Experts: Karabakh hostilities reveal Armenian media’s lack of war reporting experience

Photo: Photolur

During the hostilities at the Karabakh-Azerbaijani line of contact, according to Armenian experts, the local media mainly managed to work properly and carry out their mission.

Speaking on the subject on Tuesday, Committee to Protect Freedom of Expression (CPFE) head Ashot Melikyan noted that the Armenian society was able to get information about the military operations in the conflict zone and there was no important piece of information that was eventually overlooked by the Armenian media.

However, Melikyan stressed that it was noticeable that many media did not have much experience of working in war conditions.

“Media representatives were in a new and unusual situation. The hostilities of the 1990s and the conditions that existed back then were different from today’s. At that time there were no such technologies, there was no internet, there were some difficulties in terms of efficiency. One can say that on the one hand there are more opportunities today. On the other hand, there is increased responsibility. Very experienced journalists had questions whether to show pictures of mutilated bodies of soldiers or not,” he said.

According to the expert, there was a lack of evidence in the first days of hostilities, but the gap, however, was filled by correspondents who traveled to Nagorno-Karabakh the same day as military operations began.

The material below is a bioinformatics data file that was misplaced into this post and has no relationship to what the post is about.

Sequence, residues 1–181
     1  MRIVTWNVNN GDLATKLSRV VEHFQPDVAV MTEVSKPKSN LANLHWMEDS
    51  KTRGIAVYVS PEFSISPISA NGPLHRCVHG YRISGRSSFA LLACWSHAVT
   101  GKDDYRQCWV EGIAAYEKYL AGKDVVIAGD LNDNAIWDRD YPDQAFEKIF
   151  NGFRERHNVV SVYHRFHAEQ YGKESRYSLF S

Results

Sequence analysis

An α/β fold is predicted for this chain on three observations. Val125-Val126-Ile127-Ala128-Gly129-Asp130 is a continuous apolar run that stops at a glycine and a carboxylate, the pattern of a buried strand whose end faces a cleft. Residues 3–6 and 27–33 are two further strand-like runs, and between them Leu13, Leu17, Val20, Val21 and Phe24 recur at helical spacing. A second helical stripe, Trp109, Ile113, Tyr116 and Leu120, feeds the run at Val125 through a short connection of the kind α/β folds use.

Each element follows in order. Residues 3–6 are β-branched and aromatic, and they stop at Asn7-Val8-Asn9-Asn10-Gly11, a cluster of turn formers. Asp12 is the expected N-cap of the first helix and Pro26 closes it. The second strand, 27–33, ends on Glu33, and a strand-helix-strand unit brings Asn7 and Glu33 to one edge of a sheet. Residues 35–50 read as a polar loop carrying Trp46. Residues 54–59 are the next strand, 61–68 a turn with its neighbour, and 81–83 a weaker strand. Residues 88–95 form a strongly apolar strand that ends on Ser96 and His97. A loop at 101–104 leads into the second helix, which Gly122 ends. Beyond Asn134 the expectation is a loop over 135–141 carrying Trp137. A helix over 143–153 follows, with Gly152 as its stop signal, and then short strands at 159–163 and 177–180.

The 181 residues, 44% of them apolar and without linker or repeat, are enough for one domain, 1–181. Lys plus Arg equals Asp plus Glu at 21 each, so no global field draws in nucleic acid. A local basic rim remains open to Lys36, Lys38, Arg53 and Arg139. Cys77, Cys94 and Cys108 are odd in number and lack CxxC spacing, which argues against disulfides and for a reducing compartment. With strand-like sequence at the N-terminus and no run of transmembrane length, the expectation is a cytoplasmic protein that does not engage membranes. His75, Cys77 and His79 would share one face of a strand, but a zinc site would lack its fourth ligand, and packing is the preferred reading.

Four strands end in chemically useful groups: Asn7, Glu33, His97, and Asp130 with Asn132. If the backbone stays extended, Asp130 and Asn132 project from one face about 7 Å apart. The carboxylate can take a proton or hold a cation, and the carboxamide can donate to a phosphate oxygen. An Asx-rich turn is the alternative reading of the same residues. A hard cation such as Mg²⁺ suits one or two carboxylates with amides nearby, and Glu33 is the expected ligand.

“A day after a ceasefire agreement was reached, Azerbaijani media began to spread information that the villages of Talish and Mataghis were theirs. Our media sent their correspondents to the villages only several days later to show that they were under Armenian control,” said Melikyan.

Boris Navasardyan, the president of the Yerevan Press Club, believes that many of the media operating in Armenia’s media field are unprofessional.

“The TV channels focused on soap operas and entertainment programs could not normally ensure information during the days of the war. Even an elderly woman watching a sit-com would want a news break to learn the latest information about the situation on the frontlines,” said Navasardyan, noting a shortage of special news programs on Armenian television from the very first day of the outbreak of hostilities in Nagorno-Karabakh.

According to him, in such a situation, it is especially TV channels that should work efficiently as they have the largest audience in Armenia.

“Our Ministry of Defense has enabled journalists to work on the spot and present the situation. Therefore, no TV company encountered obstacles and had an opportunity to work efficiently and supply the public with news from day one,” Navasardyan noted.

According to the expert, the gap in information on TV channels was filled by online media. However, Navasardyan noted that in Armenia the number of people getting their primary information from online media is still not prevailing.